I got tagged by Cordelia’s Mom, Still. Because I’ve never played — apparently one of very few people never to have participated in this open-ended, popular challenge — I thought I’d pop my oar in the water. Why not, right?

It turns out that no one is entirely sure where this began, but everyone seems to be having fun with it. It’s got only two rules:

1. On 5 consecutive days, create a post using one of your photos in B&W. It doesn’t have to be new or any particular subject. Just black and white.

2. Each day invite another blog friend to join in the fun. The hard part is going to be finding people who haven’t done it already and would like to play.

So, without further ado, I’m going to invite Willow’s Corner because she was the first friend to show up while I was writing this post.

Pleasant River Lake, Maine, August 1974. Taken in black and white, printed on paper. Scanned.

Pleasant River Lake, Maine, August 1974. Taken in black and white, printed on textured paper. Scanned. A bit faded with age.

About black and white photographY

I learned to shoot in black and white. Film. Why black and white? Because I could process it for free and labs were expensive. And not nearly as good as having a friend who ran the university’s photo lab. I did my own printing, but he processed the film for free. I then got proof sheets — you’ve probably never seen a proof sheet — from which I’d choose the negatives to work on.

Taken as monochrome.

In the course of events, I learned about films and film speeds. I learned about depth of field, f-stops, shutter speed. Printing, dodging, burning — manual post processing. There are things you can do with paper, shadows, and exposures you can’t duplicate with software.

Paper texture from software is a visual effect. Real paper texture is something you can feel. I know, it sounds so … primitive.

copper kettle kitchen BW

However. There are so many things you can do with software you couldn’t imagine doing before digital photography. My feet and back are happier working in a comfortable chair on my laptop rather than standing for hours in the darkroom.

Some things you only learn in a lab

Learning on film and doing my own printing taught me stuff new photographers don’t learn. Many, maybe most photographers have never used a camera without auto-focus, much less used a hand-held meter to take a light reading.

It’s similar to the difference between learning to drive on a manual transmission rather than an automatic. Learning on a manual transmission car makes you a better driver, forever. Even if eventually you stop driving a manual. Because you know what a gear is, what a change-point is. For that matter, what a transmission does. You are always more aware of what your car is doing and what you are doing to your car.

Structures BW

Photographers who have never had to conform to whatever film is in the camera, who have never used a light meter, or set aperture and shutter speed to meet lighting conditions are less in control of the outcome of their pictures. It’s not my opinion. It’s true.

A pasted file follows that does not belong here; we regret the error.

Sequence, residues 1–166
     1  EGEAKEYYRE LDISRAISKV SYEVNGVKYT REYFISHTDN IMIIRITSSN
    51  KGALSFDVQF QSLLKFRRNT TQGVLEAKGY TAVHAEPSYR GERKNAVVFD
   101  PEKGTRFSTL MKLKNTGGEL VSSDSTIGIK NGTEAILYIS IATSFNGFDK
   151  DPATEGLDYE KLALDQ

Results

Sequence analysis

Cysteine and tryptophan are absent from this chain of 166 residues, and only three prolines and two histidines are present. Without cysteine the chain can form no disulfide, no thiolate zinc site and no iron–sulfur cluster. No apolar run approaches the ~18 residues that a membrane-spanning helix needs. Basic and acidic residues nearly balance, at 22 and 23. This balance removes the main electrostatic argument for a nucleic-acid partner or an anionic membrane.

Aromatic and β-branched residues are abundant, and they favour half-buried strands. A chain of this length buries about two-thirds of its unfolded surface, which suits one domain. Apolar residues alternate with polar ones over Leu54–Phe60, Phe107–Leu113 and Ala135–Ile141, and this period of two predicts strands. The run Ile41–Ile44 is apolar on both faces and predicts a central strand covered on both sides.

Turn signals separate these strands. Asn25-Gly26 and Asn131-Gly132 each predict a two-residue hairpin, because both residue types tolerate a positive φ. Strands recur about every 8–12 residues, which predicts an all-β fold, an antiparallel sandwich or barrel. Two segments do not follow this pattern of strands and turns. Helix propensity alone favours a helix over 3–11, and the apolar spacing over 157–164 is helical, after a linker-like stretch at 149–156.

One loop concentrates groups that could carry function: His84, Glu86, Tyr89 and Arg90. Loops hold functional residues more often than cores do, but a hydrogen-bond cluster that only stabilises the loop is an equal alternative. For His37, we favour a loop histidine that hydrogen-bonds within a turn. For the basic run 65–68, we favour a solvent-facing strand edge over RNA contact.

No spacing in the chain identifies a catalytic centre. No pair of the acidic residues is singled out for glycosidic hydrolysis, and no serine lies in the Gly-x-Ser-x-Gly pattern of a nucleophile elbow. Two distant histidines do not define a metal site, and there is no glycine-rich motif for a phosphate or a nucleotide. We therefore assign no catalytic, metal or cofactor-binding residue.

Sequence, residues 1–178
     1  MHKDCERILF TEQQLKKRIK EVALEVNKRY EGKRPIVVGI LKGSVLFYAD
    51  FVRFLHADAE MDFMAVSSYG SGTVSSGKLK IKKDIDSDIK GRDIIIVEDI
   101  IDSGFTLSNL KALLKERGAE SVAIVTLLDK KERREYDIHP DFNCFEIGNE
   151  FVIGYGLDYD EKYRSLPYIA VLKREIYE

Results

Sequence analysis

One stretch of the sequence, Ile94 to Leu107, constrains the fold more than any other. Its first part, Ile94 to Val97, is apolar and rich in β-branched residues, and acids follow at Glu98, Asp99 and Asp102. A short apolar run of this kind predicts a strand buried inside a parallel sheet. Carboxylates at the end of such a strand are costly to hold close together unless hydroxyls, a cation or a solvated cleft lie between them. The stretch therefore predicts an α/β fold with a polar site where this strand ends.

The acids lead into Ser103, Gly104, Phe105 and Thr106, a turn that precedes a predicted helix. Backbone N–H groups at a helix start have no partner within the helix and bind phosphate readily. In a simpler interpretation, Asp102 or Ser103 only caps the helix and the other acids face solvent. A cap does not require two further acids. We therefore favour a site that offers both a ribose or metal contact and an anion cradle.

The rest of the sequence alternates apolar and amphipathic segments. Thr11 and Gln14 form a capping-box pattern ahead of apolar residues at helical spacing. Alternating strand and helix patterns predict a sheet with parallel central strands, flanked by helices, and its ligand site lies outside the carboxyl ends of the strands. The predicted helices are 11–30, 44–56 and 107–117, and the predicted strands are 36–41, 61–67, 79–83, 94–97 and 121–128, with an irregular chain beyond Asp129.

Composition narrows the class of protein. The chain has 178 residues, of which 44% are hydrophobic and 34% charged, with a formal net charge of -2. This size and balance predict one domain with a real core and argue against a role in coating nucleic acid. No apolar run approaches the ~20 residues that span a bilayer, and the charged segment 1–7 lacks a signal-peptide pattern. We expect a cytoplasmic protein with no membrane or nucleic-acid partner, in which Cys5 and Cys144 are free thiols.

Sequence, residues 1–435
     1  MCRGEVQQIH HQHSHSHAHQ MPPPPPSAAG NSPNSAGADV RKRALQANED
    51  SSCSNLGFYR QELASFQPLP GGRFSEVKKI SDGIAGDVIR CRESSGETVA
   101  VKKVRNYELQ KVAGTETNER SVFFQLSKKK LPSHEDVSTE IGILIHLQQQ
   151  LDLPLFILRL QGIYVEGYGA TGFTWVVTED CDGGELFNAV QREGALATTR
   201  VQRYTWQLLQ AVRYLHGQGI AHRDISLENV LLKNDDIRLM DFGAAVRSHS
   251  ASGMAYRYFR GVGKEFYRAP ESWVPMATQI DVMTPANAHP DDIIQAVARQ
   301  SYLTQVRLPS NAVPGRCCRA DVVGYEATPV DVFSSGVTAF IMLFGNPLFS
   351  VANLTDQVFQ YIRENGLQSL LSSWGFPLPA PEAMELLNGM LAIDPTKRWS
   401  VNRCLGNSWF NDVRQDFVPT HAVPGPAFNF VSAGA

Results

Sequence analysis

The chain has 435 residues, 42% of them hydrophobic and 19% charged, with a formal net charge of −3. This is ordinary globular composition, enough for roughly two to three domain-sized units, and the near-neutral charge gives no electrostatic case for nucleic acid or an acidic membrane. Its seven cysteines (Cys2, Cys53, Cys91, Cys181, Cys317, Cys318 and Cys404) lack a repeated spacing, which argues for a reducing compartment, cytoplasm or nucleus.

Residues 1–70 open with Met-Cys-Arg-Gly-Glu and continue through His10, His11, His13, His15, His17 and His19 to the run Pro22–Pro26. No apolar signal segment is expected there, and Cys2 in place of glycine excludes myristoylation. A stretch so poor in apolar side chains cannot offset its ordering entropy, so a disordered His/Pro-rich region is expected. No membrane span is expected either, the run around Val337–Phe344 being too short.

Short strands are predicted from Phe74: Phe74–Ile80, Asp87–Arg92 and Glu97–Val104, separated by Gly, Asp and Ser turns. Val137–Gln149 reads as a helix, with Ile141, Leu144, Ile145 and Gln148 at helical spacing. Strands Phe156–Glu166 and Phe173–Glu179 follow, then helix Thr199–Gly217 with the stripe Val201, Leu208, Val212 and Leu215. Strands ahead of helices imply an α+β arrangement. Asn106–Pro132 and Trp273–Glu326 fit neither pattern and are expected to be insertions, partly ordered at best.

Real black and white photography — not converting a color picture via software in post-processing, but actually shooting in black and white — teaches composition. Color is beautiful, but it lets you be lazy. You can substitute color for design.

Color is seductive and sexy. Black-and-white is a strict teacher who makes you work harder to get a good grade, but from whom that grade is an honor.

I don’t shoot in monochrome as often as I should. I’m as lazy as the next guy.

Ah, but when the magic works …

Categories: Black & White, Challenges, Photography

Tags: ,

19 replies

  1. My brother was an award winning photog. We had a darkroom in the basement in Detroit and I used to help him develop his pics. B/W is my favorite. Too bad I’m not as good a photographer as he is (or you!) Lovely pics.


  2. I just love that first image and like you I loved working in the dark room and experimenting with different papers. But then again I don’t miss the chemicals and the darkness of the room. It is fun with software. A lot, lot cheaper.


  3. You want me to follow that??? Le sigh. I won’t be as verbose, but I’m sure I can scrounge up a picture that won’t look awful. ^_^


    • I’ve been taking pictures since my son, now 46, was a baby. You learn by doing it, so a little prod never hurts. ALL of us were beginners, once. Just for we oldies, it may seem we’ve always known because we can’t remember back to when it began 🙂


      • I’ve been snapping snapshots since those old what was it? 110 cameras? Man I used to love those things. And I’ve been taking snapshots ever since. I just didn’t have the ambition to learn more.

        My sister did. She took photography in school. She just didn’t go anywhere with it, and forgot more than I ever learned. ^_^


  4. Lots of great information in this post, not just that, I am a good driver 🙂


  5. These are fine photos. I specially like the kitchen utensils.


  6. Yay, Marilyn – I knew you could show us all how to do it best! And teach us about it at the same time. Great post!


    • It’s not so much teaching as reminiscing. I don’t exactly miss the days of film, but sometimes I miss the results. You could do things on paper you can’t duplicate on a computer monitor. The reality, though, says I haven’t a single remaining available piece of wall on which to hang another picture. And, I don’t think my lungs could tolerate the chemicals or my back all the standing. A digital photograph is so much less expensive than film. I used to go into an emotional dive each time I had to drop off a lot of film for development. I took many fewer pictures as a result. So there were good things, but there are good things now, too. Different.

      Liked by 1 person

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